Ted Petersen loves chickens. The former NFL offensive lineman who played on two Super Bowl teams with the Pittsburgh Steelers has about 20 of them, five cows, and a few pigs on his farm located 50 miles south of Chicago. The house isn’t far from where he grew up and played high school football, before eventually attending Eastern Illinois on a football scholarship.

“I always wanted to come back to this,” Petersen said recently, now an athletic director for Kankakee Community College in Kankakee, Il.

At a time when the media blitzes the public with tales of former NFL players in financial strife, burdened by mental instability and physical ailments, Petersen, now 58, finds himself decidedly content in comparison. His job has allowed him the to give back to the community, teaching young athletes the values they’ll need in life. And living on a farm provides solace for this former man of the trenches.

The fraternal bond

When Petersen was drafted in 1977, he joined a solid squad that would lose in the playoffs to the eventual AFC champion Denver Broncos. This Steelers team had a handful of Hall of Famers and NFL legends—household names like Terry Bradshaw, Lynn Swann, Franco Harris. Steve Sabol built an empire on their names, while the ’77 Broncos roster reads like picking names at random from a phonebook.

Petersen may have walked into locker room full of titans, but what he discovered was an immediate connection with many of these men that stretched well beyond football. He opened himself to the Christian faith and its principles, connecting with like-minded teammates. The bond has endured for 30 years and he fondly reflects on the friendships which blossomed over his nine-year career, having spent eight with Pittsburgh and half a season each with the Indianapolis Colts and Cleveland Browns.

“I don’t have any specific stories,” he said about his playing days. “When it’s all said and done, you think about the people and events that impacted your life and the friendships and what it was like to be part of two Super Bowl teams.”

With nearly 18,000 former players, to call yourself a retired NFL player is to belong to a unique group of individuals. Petersen explained that the longer a player stays in the league, the more they begin to feel connected to the sport and their peers. The “group dynamic” of offensive lineman garners in a completely separate subset.

And it’s the friendships that he values most. He stressed that he wouldn’t want to play in today’s game for this reason alone, despite the price tags current players garner. The popularity of the game isn’t shocking to him, since he understands the appeal firsthand. What is shocking, he said, is the amount of money involved. The average salary of an NFL player in today’s game is nearly $2 million. The ’78 Super Bowl team Petersen played on had a total salary of $2.5 million.

After the glory days

Petersen doesn’t want to get hung up on talking about the glory days. He admitted that he enjoys reminiscing, but there’s more to life. He has a son, Samuel, and he and his wife, Marian, have plenty to do on the farm.

They haven’t discouraged their son from playing football, though it would seem he might be more inclined to play baseball. Marian has three nephews who have proven proficient at the sport. Petersen explained that he knows nothing about baseball and he finds himself learning as he goes. Both his other boys from a previous marriage, Teddy and Garrett, did enjoy playing football.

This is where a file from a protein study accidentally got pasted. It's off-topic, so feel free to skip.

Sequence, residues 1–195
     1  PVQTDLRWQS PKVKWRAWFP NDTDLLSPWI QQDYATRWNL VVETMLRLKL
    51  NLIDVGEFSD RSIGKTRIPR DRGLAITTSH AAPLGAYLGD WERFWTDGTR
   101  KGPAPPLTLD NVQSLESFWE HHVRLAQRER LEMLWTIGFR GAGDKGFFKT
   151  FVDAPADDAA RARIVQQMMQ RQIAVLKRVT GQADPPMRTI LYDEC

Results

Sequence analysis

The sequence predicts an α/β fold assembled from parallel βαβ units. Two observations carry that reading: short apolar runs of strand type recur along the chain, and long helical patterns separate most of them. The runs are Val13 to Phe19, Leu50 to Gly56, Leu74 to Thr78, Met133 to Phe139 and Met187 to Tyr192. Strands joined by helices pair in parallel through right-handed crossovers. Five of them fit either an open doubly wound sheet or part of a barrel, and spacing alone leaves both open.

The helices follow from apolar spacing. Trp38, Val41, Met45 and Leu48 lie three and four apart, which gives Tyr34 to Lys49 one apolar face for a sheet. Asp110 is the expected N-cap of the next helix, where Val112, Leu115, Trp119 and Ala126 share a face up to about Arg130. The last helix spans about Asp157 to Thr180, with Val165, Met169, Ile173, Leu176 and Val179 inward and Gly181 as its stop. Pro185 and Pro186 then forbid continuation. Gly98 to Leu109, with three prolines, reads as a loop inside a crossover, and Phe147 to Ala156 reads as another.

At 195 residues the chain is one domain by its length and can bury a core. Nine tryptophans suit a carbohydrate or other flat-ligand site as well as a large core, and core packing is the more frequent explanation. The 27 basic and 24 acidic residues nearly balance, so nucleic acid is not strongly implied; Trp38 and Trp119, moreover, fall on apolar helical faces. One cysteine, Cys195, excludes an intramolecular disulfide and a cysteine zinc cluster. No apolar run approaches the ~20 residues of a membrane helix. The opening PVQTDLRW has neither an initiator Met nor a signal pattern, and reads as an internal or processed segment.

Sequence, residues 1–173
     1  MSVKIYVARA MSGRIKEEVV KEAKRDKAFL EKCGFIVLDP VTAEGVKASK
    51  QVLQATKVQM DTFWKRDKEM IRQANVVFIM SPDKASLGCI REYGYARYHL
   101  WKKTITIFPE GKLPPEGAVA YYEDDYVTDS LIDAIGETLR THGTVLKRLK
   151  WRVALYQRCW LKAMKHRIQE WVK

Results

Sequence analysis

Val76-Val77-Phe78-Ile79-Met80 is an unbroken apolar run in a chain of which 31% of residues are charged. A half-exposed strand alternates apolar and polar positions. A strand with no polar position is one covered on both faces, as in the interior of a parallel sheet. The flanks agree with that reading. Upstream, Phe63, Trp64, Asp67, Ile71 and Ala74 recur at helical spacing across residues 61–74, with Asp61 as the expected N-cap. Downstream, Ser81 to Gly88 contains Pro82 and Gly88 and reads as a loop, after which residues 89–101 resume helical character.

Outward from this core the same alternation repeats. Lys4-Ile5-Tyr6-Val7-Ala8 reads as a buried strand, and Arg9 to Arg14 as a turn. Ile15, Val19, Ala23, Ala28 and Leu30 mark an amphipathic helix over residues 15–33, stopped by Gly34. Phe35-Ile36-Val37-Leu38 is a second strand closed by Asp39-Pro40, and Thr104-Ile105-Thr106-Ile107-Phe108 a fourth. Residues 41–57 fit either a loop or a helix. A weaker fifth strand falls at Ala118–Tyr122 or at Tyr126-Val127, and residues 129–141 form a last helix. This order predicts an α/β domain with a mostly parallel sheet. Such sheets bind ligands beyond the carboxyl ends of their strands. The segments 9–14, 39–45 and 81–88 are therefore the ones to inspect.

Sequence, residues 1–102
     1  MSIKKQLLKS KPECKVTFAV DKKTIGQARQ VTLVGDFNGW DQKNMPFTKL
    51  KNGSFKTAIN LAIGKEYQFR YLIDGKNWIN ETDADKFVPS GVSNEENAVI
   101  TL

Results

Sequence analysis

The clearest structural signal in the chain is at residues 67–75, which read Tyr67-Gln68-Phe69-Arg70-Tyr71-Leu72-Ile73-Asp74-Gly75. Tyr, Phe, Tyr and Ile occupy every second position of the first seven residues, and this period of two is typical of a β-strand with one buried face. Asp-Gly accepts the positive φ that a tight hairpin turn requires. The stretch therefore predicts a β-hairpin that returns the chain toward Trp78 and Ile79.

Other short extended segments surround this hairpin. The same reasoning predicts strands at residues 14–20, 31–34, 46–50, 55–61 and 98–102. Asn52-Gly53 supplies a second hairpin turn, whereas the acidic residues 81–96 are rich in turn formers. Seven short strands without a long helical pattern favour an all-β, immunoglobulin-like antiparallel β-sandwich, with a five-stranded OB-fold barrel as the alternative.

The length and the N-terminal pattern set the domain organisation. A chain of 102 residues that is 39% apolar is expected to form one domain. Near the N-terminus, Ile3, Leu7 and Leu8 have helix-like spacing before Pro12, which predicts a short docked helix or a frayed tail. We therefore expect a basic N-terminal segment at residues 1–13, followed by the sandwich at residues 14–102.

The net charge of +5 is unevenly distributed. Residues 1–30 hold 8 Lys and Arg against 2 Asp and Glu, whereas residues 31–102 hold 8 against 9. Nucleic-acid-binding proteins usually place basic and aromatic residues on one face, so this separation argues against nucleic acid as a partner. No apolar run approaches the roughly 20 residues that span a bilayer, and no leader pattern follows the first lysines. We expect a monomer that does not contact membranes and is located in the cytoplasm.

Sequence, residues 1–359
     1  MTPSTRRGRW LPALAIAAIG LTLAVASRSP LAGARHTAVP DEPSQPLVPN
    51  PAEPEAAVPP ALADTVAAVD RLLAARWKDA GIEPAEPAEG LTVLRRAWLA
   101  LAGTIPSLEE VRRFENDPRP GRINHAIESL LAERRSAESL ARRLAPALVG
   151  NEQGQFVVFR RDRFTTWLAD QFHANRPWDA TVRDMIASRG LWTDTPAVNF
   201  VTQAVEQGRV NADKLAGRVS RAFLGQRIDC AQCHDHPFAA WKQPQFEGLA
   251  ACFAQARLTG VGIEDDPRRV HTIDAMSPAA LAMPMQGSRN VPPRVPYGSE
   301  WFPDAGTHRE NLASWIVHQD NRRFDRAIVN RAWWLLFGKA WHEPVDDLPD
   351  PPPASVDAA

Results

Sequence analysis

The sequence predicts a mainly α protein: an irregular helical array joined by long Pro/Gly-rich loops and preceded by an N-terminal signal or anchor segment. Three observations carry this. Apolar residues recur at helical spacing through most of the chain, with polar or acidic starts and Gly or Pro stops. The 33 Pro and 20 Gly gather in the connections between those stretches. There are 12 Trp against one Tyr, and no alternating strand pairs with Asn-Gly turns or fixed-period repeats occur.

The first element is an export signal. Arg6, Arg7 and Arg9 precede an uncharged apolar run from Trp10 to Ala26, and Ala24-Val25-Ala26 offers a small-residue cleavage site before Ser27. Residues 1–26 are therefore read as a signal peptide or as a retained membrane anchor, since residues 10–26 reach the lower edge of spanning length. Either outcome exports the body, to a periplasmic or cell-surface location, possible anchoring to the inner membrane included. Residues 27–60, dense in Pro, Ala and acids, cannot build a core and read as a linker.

Petersen himself didn’t start playing until he was 15 years old, but the 6’5″ 230-pounder took to it easily. He would have likely given up the game had he not been given a scholarship.

“My parents worked too hard to have to pay my way,” he said.

His father was a farmer and truck driver. Drawing from his father’s tutelage, Petersen has little trouble managing his small farm. Beyond the art of growing and raising your own food, Petersen said, he believes people take what they are eating for granted. Food security is not far from his mind and the process is yet one more skill he can pass to his son. He stressed that he loves spending time outdoors, often lamenting the time the modern world requires us to spend in front of a computer.

“I can’t say I watch a lot of football. Sitting in front of the television doesn’t set a good example for my son.”

The elephant in the room

He might be all but removed from the game, but it’s never far from his mind.

“I had a couple small ones [concussions]. But nothing drastic. I can remember the lights going out a couple times,” Petersen said, candidly speaking about head trauma and concussions.

In a recent Washington Post story entitled “Retired NFL players endure a lifetime of hurt,” nine out of 10 former players surveyed reported having at least one concussion, while six in 10 reported having three or more.

Petersen explained that they were taught to lead with their heads first. When he adds up the toll on his head, the numbers begin to worry him. Forty to 50 times of helmet-to-helmet contact in a given practice, compounded every Sunday for 17 weeks, multiplied by the nine years in the NFL could equal a potentially brutal cumulative effect.

But Petersen said he hasn’t experienced headaches, though he often wonders what it might be like when he is 70. Unlike the nearly 5,000 concussion plaintiffs, however, he believes the NFL is headed in the right direction, from the techniques they are teaching to the safety they’re promoting.

He stressed that despite what he knows now he wouldn’t change a thing if he had it to do over again.

“I have no regrets. I would never change when I played or who I played with,” Petersen said.